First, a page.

November 1, 1950 -- an unseasonably hot afternoon in sleepy Washington, D.C. At 2:00 P.M. at his temporary residence in Blair House, President Harry Truman takes a nap. At 2:20 P.M., two Puerto Rican natives approach from different directions. Oscar Collazo, a respected metal polisher and family man, and Griselio Torresola, an unemployed salesman, don't look dangerous, not in their new suits and hats, not in their calm, purposeful demeanor, not in their slow, unexcited approach. What the three White House policemen and one Secret Service agent guarding the president cannot guess is that under each man's coat is a 9mm German automatic pistol and in each head, a dream of assassin's glory.
Stephen Hunter has written over twenty novels. The retired chief film critic for The Washington Post, where he won the 2003 Pulitzer Prize for Distinguished Criticism, he has also published two collections of film criticism and a nonfiction work, American Gunfight. He lives in Baltimore, Maryland.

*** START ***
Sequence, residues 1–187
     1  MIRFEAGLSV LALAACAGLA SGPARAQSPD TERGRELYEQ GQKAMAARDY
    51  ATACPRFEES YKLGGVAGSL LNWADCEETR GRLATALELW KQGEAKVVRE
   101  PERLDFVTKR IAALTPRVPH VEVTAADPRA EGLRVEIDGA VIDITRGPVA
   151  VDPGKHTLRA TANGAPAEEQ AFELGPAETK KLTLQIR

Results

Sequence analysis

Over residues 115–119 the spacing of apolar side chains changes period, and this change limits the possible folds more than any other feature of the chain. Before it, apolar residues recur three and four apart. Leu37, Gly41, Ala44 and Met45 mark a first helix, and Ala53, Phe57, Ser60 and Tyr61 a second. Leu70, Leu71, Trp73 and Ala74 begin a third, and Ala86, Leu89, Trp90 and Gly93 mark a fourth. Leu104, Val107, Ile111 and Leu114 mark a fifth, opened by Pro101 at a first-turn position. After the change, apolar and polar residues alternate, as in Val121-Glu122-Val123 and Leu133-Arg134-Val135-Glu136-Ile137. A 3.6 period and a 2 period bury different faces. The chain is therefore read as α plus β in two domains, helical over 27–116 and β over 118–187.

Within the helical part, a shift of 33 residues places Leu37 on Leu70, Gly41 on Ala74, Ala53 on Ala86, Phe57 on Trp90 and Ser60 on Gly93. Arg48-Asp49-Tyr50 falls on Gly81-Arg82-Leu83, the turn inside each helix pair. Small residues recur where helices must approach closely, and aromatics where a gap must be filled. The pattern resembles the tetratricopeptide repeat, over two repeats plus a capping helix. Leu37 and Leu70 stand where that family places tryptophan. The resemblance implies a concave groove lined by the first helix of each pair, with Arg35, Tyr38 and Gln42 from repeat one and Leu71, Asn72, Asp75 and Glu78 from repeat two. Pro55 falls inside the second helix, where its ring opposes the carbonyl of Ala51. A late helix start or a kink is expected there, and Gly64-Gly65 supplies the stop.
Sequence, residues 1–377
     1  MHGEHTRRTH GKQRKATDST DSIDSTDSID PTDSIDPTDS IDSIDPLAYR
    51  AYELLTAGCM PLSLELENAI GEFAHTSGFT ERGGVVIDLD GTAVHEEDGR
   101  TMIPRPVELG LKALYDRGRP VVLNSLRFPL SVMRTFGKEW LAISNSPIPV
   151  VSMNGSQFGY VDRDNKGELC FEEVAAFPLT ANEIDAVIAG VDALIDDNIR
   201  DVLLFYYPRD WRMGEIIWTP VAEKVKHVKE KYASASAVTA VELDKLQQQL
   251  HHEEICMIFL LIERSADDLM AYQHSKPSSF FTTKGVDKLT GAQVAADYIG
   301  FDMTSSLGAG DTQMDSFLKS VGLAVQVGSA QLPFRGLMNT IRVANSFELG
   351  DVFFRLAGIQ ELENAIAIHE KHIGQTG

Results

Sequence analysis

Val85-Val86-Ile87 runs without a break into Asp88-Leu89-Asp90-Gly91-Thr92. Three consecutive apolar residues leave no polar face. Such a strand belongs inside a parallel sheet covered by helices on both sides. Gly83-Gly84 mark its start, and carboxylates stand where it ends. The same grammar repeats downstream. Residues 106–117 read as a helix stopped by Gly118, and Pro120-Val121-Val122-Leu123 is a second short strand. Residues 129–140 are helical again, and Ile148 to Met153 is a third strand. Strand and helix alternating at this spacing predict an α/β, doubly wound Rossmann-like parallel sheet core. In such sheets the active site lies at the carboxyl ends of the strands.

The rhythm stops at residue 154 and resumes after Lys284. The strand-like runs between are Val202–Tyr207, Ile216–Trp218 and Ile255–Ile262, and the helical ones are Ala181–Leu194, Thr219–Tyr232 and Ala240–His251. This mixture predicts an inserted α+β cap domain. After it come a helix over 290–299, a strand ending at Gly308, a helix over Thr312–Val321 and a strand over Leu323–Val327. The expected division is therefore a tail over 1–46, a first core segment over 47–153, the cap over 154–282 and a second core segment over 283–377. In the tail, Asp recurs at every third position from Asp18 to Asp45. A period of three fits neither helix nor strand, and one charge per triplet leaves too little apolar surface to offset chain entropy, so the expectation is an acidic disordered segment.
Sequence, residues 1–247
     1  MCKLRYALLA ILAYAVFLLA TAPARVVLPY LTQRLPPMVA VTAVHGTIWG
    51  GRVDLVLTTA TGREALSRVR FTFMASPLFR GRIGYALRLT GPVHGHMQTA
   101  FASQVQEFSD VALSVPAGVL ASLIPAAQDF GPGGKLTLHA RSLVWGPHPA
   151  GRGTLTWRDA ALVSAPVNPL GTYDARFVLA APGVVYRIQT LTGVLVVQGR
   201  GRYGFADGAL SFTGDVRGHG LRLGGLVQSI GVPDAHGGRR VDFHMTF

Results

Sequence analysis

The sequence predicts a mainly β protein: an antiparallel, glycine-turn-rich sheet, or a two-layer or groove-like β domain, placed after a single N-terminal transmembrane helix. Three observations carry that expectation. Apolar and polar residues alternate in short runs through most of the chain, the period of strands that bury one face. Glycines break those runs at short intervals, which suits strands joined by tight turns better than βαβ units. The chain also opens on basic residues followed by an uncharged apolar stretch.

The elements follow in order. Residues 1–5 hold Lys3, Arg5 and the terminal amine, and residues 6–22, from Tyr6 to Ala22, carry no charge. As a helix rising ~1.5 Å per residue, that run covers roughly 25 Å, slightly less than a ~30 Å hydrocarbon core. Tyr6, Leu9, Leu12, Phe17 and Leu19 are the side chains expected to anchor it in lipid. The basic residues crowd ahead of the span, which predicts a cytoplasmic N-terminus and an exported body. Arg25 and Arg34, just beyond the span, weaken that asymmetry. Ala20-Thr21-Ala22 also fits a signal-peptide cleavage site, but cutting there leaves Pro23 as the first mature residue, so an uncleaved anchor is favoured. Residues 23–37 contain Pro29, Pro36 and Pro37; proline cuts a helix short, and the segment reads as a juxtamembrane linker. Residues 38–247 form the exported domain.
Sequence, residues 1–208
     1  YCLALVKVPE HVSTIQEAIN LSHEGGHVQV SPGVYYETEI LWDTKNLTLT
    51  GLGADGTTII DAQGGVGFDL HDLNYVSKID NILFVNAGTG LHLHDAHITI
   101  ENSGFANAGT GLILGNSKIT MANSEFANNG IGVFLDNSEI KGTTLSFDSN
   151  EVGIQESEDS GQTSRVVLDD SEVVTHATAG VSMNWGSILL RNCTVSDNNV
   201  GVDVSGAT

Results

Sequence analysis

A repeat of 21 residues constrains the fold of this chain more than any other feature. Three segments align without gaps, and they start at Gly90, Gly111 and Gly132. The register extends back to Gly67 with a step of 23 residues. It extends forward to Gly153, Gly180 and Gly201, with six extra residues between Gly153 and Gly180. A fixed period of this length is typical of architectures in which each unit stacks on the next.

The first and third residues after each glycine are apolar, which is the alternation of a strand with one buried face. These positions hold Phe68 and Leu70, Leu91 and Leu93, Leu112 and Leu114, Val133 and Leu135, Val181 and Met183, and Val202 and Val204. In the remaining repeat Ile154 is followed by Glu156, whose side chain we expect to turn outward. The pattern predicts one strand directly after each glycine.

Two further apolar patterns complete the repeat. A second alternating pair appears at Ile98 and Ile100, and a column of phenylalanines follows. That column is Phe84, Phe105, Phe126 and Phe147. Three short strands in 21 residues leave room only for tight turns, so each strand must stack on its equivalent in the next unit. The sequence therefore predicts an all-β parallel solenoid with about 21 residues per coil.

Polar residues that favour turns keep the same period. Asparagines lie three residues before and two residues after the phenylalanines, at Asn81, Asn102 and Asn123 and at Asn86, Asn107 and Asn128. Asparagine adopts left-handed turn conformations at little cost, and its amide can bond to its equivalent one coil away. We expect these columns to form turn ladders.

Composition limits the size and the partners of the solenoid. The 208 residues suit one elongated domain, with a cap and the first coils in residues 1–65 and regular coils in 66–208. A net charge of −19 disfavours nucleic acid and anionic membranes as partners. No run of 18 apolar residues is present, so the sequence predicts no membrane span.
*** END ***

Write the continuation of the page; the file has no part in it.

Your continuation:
John Bainbridge, Jr., is a freelance journalist. A former reporter for The Baltimore Sun and legal affairs editor for The Daily Record (Baltimore), he is also a lawyer and former Maryland assistant attorney general. He lives near Butler, Maryland.
"The definitive history of the attempted murder of Harry S. Truman.... Truman's near-killing is a good subject for many reasons, including its disappearance into the black hole of our amnesia.... Hooked, the reader begins a journey that weaves...across the lives of all protagonists, pulled by fate toward the bloody confrontation." -- Ted Windmer, The Washington Post
"Extensively researched and mellifluously told...American Gunfight is a splendid read." -- Carl Schoettler, Baltimore Sun
"Hunter and Bainbridge's handling of the recorded events is not only convincing but compelling." -- Publishers Weekly
"A day worth remembering. American Gunfight is well worth reading." -- The Washington Post
"A fast-paced thriller." -- Alonzo Hamby, The Wall Street Journal